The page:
CHEF JEFF: One Byte At A Time — Slow Cooker Roast Stroganoff

Cooking for two can be a challenging. But as the old saying goes, where there is a will, there is a way.

For me, the biggest issue is leftovers. When our grandson, Rakeem, was in town and coming over for supper two to four times a week, it wasn’t that big a deal. But now that he’s gone away for college, I’ve had to come up with some new recipes or cut back on some old ones so we aren’t eating the same thing for a week.

We had a bit of a reprieve recently when he came home for a visit. I made a couple of his favorite meals — Swiss steak and spaghetti with meat sauce — while he was here. His appetite assuredly cut back on the amount of leftovers.

However when preparing the Swiss steak, I had a pretty good chunk of meat remaining after cutting slices off a 3- to 4-pound bison roast and no plan for the remainder. That’s when I started searching through cookbooks and on the internet for recipes that might give me some ideas on what to do with the large hunk of roast.

After looking over more than a dozen recipes, I put together the following concoction, which vastly exceeded my expectations. And needless to say, the leftovers didn’t last very long.

Slow Cooker Roast Stroganoff
1 3- to 4-pound beef or bison roast
1 package dry onion soup mix
1 10½-ounce can cream of mushroom soup (If using a condensed soup add 1 can of water.)
8 ounces fresh mushrooms, sliced
1 14½-ounce can stewed tomatoes
¼ cup flour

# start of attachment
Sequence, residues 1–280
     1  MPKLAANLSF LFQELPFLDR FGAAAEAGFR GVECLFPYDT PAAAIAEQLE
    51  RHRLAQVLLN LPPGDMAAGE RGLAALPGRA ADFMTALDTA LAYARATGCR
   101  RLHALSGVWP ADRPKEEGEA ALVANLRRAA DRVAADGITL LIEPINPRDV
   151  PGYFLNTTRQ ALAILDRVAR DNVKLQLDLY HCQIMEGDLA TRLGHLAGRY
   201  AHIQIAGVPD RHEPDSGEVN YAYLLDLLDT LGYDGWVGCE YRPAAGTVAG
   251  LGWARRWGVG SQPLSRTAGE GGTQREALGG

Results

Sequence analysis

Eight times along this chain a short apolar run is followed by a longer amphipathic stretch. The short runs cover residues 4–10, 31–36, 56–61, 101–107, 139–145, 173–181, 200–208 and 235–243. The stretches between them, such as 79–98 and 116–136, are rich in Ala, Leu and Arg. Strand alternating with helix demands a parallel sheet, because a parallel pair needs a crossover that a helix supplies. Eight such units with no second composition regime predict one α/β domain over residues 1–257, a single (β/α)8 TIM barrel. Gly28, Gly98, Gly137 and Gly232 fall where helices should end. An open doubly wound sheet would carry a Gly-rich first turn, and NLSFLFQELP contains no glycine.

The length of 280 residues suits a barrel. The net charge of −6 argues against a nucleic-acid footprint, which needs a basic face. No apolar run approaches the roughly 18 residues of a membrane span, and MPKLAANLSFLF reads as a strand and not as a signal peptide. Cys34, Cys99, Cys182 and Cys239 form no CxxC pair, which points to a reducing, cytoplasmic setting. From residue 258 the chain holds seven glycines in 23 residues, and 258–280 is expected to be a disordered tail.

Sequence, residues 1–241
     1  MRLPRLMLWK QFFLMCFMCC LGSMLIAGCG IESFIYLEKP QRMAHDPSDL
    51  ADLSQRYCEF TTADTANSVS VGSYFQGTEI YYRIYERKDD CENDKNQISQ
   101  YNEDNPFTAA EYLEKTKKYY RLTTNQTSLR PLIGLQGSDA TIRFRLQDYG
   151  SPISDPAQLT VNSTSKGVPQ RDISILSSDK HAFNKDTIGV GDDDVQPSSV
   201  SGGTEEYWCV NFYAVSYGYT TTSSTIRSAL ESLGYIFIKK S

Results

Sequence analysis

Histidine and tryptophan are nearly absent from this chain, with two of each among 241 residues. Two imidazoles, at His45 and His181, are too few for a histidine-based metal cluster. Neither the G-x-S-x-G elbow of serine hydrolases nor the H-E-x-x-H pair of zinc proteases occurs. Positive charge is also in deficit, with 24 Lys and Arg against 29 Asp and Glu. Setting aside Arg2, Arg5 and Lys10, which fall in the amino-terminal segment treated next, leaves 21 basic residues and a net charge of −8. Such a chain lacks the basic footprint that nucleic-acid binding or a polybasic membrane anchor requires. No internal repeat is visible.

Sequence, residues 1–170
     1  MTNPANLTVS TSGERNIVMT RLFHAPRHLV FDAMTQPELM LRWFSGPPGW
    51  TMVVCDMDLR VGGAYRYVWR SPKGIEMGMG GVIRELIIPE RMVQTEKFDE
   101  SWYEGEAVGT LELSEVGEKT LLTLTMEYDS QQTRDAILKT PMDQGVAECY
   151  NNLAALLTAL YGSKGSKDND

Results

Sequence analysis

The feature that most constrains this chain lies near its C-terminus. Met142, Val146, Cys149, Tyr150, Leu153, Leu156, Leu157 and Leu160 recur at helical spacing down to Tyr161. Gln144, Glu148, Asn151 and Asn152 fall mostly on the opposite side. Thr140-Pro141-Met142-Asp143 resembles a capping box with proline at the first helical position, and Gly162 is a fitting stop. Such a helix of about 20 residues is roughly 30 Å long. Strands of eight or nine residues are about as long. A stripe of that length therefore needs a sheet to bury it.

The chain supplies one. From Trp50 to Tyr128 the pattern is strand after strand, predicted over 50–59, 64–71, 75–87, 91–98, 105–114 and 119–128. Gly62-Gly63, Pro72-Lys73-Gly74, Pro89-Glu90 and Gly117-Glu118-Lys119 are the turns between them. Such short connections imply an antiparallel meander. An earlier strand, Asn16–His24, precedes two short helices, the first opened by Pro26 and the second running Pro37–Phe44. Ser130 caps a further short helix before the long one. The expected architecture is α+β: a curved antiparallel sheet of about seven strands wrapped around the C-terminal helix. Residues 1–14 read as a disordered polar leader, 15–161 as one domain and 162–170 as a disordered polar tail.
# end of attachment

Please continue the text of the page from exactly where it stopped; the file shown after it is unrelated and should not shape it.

2 tablespoons olive oil
2 tablespoons Worcestershire sauce
Sour cream
Dill
Butter
Put the onion soup mix on the bottom of the slow cooker. Brown all sides of the roast in a skillet. Remove meat and place in slow cooker.
Add soup, flour and Worcestershire sauce to the hot skillet, cook until smooth (add water if you are using condensed soup). Pour over the roast in the crockpot. Add tomatoes and mushrooms.
Cook for 6 to 8 hours. Remove the roast and cut into bite-size pieces. Stir the sauce. Mix in a few dollops of sour cream. Add the meat and mix. Serve over egg noodles tossed with butter or mashed potatoes. Sprinkle some dried dill on top of stroganoff and noodles or potatoes along with a few more spoonfuls of sour cream.

CHEF JEFF: One Byte At A Time — French Dip

A good beef roast always makes for tasty leftovers. For that matter, so does pork. And if you want to take a walk on the wild side, consider venison or elk.

newfrenchdipAnother meat that ranks right up there is buffalo or  bison. I know this for a fact because once or twice a month we cook a bison roast, which we purchase from Siouxland Buffalo west of Grand Forks, N.D.

Most of the time, I just place the roast in a Dutch oven with some potatoes, carrots and an onion, along with a little red wine and water. I’ve also sliced a roast and made Swiss steak.

But I tried something new Sunday. I cooked a 4 1/2-pound bison roast in a 9-by-13-inch baking dish, the same way we did up a chunk of prime rib beef on Christmas Day.

I placed the meat, which had a healthy coating of Applewood Rub — one of several rubs made by McCormick — and four strips of bacon in a oven preheated to 475 degrees for 1 hour.

At that point, I lowered the temperature to 300 degrees and proceeded to cook the roast another 30 minutes or so.  The internal temperature was about 140 degrees, which and gave us juicy meat that was medium (a little pink in the middle) to well-done.

I had placed about a cup of water in the baking dish at the start of cooking, and that combined with the juices from the meat, it provided a great au jus. And that’s where the leftovers come in.

We’re planning on thinly slicing the remaining roast and placing it and some Provolone cheese on a baguette for dipping in the leftover au jus, which has been enhanced with a little Worcestershire sauce.

French dip sandwiches don’t get any better than this!